The Ripple Effects of a Spot Market Bitcoin ETF

Financial giants including BlackRock and Fidelity are looking to launch a bitcoin investment vehicle for people who do or cannot hold BTC directly.

AccessTimeIconOct 16, 2023 at 4:23 p.m. UTC
Updated Jan 26, 2024 at 2:37 p.m. UTC
AccessTimeIconOct 16, 2023 at 4:23 p.m. UTCUpdated Jan 26, 2024 at 2:37 p.m. UTC
AccessTimeIconOct 16, 2023 at 4:23 p.m. UTCUpdated Jan 26, 2024 at 2:37 p.m. UTC

The likelihood of having a spot market bitcoin ETF, or exchange-traded fund, ready to list on the market by year’s end is now a near certainty. After years of legal wrangling, the U.S. Securities and Exchange Commission (SEC) has run out the clock on applying to the U.S. Court of Appeals, which recently excoriated the securities regulator for its seemingly biased decision in approving a futures-based ETF while denying a substantively similar spot market-based product.

A spot market bitcoin ETF is something of a holy grail for the crypto industry, despite the fact that these stock market-traded financial funds already trade in Canada and Europe. The reason why has to do almost entirely with the SEC denying the dozens of applications its seen so far, putting it out of reach for U.S. investors looking for bitcoin exposure without buying bitcoin directly.

For instance, Grayscale’s filing for a spot bitcoin ETF in October 2021 and its rejection by the U.S. Securities and Exchange Commission (SEC) in June 2022 made far fewer headlines than the August ruling by a three judge panel for the U.S. Court of Appeals that the regulator was “wrong.” News of the court’s ruling made tidal waves across the crypto and financial worlds because of what it could mean for BlackRock's recent spot bitcoin ETF submission.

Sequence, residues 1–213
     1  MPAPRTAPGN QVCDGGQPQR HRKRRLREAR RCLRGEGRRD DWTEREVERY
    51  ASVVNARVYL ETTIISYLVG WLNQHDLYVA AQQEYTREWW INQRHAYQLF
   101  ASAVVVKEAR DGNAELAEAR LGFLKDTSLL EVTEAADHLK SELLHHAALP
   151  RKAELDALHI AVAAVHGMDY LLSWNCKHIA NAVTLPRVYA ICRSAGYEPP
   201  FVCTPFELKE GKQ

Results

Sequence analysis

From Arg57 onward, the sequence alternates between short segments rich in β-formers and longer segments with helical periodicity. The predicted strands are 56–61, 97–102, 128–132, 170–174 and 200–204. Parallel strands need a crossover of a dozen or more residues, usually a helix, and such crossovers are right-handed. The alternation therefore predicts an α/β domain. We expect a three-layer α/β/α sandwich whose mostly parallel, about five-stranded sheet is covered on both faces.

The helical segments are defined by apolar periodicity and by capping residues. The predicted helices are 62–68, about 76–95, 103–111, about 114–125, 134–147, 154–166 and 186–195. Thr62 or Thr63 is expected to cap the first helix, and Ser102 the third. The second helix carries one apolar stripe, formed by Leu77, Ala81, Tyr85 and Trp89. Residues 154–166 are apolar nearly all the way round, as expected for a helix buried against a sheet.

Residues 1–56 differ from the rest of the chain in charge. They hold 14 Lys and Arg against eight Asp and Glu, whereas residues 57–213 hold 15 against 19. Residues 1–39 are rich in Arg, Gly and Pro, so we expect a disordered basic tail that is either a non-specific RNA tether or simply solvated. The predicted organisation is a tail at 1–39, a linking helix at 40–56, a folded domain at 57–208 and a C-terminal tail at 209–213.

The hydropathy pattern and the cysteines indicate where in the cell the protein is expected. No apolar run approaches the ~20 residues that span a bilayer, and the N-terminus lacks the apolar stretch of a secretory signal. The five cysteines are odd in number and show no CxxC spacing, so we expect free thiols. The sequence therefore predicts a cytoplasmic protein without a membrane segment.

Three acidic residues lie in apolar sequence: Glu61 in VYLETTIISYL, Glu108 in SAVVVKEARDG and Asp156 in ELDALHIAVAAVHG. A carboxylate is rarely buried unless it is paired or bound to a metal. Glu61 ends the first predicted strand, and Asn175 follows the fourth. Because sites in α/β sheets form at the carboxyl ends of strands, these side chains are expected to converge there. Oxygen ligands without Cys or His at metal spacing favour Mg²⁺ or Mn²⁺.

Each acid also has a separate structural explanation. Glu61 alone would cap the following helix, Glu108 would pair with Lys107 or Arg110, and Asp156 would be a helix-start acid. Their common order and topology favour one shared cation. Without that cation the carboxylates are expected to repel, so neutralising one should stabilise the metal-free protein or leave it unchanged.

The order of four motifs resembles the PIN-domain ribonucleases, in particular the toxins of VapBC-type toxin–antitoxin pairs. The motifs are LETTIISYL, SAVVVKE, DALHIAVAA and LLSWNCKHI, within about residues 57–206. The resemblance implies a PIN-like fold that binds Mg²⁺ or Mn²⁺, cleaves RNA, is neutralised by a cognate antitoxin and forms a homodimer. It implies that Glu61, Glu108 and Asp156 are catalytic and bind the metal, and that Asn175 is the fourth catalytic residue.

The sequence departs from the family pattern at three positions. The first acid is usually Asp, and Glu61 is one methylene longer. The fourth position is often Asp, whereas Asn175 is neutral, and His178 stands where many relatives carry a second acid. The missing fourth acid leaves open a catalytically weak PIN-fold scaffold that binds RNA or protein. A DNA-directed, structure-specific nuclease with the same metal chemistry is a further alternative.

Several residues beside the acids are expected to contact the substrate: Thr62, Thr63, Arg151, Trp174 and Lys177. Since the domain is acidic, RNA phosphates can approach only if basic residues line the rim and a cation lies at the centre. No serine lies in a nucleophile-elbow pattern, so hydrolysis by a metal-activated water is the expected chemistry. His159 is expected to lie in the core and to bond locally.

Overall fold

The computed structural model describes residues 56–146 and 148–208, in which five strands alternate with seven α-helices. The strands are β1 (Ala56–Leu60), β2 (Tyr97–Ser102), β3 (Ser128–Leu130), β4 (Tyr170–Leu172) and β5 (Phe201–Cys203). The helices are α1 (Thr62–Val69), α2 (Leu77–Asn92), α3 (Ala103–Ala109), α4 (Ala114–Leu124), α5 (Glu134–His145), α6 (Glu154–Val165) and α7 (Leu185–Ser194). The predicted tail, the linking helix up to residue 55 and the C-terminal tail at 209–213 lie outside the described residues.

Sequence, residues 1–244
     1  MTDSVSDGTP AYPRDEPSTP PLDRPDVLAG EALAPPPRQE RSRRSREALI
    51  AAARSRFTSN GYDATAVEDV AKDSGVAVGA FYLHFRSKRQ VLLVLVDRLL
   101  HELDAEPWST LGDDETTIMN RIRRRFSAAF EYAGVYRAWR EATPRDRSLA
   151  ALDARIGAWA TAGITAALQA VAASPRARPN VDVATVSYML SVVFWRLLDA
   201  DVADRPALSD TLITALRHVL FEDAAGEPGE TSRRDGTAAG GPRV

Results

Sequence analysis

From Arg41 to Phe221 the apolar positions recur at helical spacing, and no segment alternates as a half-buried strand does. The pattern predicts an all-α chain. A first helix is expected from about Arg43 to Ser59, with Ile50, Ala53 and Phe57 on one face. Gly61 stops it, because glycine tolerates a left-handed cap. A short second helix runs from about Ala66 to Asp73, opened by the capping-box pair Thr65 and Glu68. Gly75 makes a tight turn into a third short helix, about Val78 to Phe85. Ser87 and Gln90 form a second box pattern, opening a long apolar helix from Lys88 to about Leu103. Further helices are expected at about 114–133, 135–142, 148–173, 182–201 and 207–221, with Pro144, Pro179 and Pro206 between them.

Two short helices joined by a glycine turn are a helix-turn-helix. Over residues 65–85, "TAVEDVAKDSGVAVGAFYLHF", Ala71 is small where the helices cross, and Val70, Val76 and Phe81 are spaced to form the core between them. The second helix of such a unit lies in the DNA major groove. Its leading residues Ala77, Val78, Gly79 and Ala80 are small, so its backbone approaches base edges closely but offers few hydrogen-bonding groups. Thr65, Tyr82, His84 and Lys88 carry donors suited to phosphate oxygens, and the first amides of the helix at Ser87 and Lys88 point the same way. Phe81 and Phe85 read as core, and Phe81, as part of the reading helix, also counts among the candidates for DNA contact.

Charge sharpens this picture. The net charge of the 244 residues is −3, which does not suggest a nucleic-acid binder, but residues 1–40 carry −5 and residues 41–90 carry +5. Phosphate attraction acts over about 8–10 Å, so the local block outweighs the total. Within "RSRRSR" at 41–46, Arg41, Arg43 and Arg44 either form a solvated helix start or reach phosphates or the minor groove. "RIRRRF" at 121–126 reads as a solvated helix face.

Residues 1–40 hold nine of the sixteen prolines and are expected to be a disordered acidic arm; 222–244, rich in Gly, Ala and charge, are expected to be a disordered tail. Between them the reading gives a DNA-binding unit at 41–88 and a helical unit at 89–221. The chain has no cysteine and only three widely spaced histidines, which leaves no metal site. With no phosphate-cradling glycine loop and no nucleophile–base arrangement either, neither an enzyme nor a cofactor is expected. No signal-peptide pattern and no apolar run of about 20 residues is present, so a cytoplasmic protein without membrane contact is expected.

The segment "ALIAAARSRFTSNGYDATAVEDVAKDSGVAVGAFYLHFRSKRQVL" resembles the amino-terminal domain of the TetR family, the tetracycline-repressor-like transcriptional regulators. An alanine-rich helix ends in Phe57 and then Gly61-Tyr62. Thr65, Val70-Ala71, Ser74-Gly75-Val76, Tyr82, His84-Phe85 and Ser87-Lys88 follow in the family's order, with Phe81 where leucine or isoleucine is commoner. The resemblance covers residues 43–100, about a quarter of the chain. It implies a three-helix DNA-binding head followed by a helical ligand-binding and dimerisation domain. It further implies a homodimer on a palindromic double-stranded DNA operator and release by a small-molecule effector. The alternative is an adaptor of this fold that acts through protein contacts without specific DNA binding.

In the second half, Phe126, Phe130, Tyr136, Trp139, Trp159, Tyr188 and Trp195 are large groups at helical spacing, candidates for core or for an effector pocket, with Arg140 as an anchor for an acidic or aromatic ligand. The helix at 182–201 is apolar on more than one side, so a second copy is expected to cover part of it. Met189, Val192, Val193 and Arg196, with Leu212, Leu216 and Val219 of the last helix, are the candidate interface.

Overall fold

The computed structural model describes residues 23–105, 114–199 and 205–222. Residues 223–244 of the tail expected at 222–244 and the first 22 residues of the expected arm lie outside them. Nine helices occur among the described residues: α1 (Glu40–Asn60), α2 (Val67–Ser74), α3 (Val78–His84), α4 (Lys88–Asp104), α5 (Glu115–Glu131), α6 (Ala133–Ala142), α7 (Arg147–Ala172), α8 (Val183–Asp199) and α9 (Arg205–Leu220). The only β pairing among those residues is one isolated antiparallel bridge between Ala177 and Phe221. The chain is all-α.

When one reads headlines such as “BlackRock: The Secret Company that Owns the World,” it’s no surprise that bitcoin’s price jumped 20% over the 11 days following the announcement from the world’s largest asset manager. The initial bump triggered optimistic enthusiasm about a future bull run.

Despite BlackRock’s 99.8% ETF approval record, it’s still unclear how the SEC will rule on this, given that it hasn’t approved any prior bitcoin ETFs and is aggressively targeting major U.S.-based crypto exchanges.

Nevertheless, the association of Bitcoin with BlackRock provides plenty of optimism among some Bitcoin and crypto maximalists, while others worry about a centralized entity yielding too much power in the space.

TradFi’s involuted relationship with bitcoin

Considering it appears BlackRock’s bitcoin ETF would be backed by actual bitcoin, and would therefore require the asset manager to purchase as much bitcoin as the ETFs it sells, it’s quite clear it will boost the price of the cryptocurrency. On its face, however, institutional interest in bitcoin and crypto isn’t new. After the Winklevoss twins — yes, those Winklevoss twinsfiled the first bitcoin ETF in 2013, several major financial institutions like UBS, Citi, Barclays and more showed interest in crypto and blockchain. And all this was before the 2017 bull run.

Since then, institutions of all sizes have continued exploring offering crypto services to their list offerings. An entire ecosystem of projects dedicated to providing institutions with the infrastructure they need to securely offer things like decentralized finance (DeFi) services and tokenized assets has come out of the woodwork.

Galaxy-owned GK8, for example, lets institutions provide an array of digital-asset services with the security guarantee of its trusted custody platform and flagship Cold Vault. Such projects that hand-hold institutions into the crypto frontier have helped banks and investment firms find new revenue streams while expanding crypto adoption.